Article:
Myanmar’s de facto leader Aung San Suu Kyi has been stripped of a human rights award after weeks of backlash over the beleaguered former icon of freedom’s response to the Rohingya crisis.
Oxford City Council voted unanimously this week recommending that Suu Kyi’s Freedom of the City award should be withdrawn, citing deep concerns over the treatment of Rohingya Muslims under her watch.
However one Myanmar expert strongly believes Suu Kyi is Myanmar’s “best hope” and says she deserves more sympathy.
More than 500,000 members of Myanmar’s stateless Rohingya minority have fled across the border to Bangladesh since late August, when militant Rohingya attacks led to a violent crackdown by the army.
Myanmar’s de facto leader Suu Kyi, previously renowned for her human rights activism, has been widely criticised for her silence on the subject.
Oxford local councillor Mary Clarkson said in a speech proposing the motion that the city’s reputation is “tarnished by honouring those who turn a blind eye to violence”.
She added: “While the UN calls the situation a ‘textbook example of ethnic cleansing’, Aung San Suu Kyi denies any ethnic cleansing and dismisses numerous claims of sexual violence against Rohingya women as ‘fake rape’.”
The ‘best hope’ for the Rohingya people
Professor John Blaxland, director of the ANU Southeast Asia Institute told The New Daily there were a number of “unrealistically high expectations” of what Suu Kyi can do without losing her position.
He said she did not control the border, army, police or the budget.
“She is the best hope for the Rohingya people,” he said.
“She is the conduit between the people and the Tatmadaw (Myanmar’s armed forces). They will listen to her. We should be using that leverage, not be piling criticisms on her.
“Let’s be real. She’s in a very constrained political environment. If she was to denounce the situation it would further marginalise her and she could effectively be removed from office.”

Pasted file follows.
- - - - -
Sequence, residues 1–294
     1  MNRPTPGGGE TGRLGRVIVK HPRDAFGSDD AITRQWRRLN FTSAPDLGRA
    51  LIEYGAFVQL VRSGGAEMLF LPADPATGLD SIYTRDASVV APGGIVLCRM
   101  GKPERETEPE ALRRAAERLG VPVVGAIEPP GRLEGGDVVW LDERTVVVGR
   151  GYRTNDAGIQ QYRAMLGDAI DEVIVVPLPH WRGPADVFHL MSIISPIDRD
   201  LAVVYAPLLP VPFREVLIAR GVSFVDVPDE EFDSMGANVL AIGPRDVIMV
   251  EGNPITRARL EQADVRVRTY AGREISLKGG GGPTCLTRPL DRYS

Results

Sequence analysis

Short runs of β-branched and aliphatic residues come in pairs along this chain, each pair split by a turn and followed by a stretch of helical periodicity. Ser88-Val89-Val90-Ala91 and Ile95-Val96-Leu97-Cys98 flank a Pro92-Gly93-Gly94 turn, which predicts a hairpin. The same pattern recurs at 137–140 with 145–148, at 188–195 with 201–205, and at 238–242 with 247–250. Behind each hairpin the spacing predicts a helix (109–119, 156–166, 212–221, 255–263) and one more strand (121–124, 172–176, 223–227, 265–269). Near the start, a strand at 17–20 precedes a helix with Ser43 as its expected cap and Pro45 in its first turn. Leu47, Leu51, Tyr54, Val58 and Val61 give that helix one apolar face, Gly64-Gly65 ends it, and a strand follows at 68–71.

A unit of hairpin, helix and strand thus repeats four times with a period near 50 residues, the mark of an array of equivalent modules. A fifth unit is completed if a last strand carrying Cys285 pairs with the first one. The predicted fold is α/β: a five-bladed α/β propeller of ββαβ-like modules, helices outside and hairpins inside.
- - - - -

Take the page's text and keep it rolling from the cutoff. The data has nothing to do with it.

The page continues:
Prof Blaxland said he was confident Suu Kyi was trying to act constructively within the system, rejecting protests against her response as “self-righteous and superficial”.
“What the Tatmadaw is doing is abominable. But there is very little opportunity to verify what exactly is going on because there are strong incentives to exaggerate the facts, on both sides,” he said.
“Some reports could very well be something the Tatmadaw has put out there to make life difficult for her (Suu Kyi). We don’t know.
“I think the best way to address the situation is to collectively and constructively engage with the Tatmadaw, not by cutting ties. Doors need to be opened. Australia can play a role and so can neighbouring countries.”
Failure to denounce ‘ethnic cleansing’
In a speech in late September, her first public statement on the subject since the exodus of refugees began, Suu Kyi said her government condemned all human rights violations and promised to punish perpetrators.
But she did not address accusations of “ethnic cleansing” and did not criticise the Myanmar army’s actions.
Her speech was described as “little more than a mix of untruths and victim-blaming” by Amnesty International director for the region, James Gomez.
A similar Freedom of the City award is being considered for withdrawal by Sheffield City Council, in the north of England, after residents submitted a petition last month.
The award will likely be reviewed by councillors this month, the council’s democratic services team told Reuters.
Oxford University college St Hugh’s removed Suu Kyi’s portrait last week from public display while Unison, Britain’s second-largest trade union, announced last month it would suspend her honorary membership.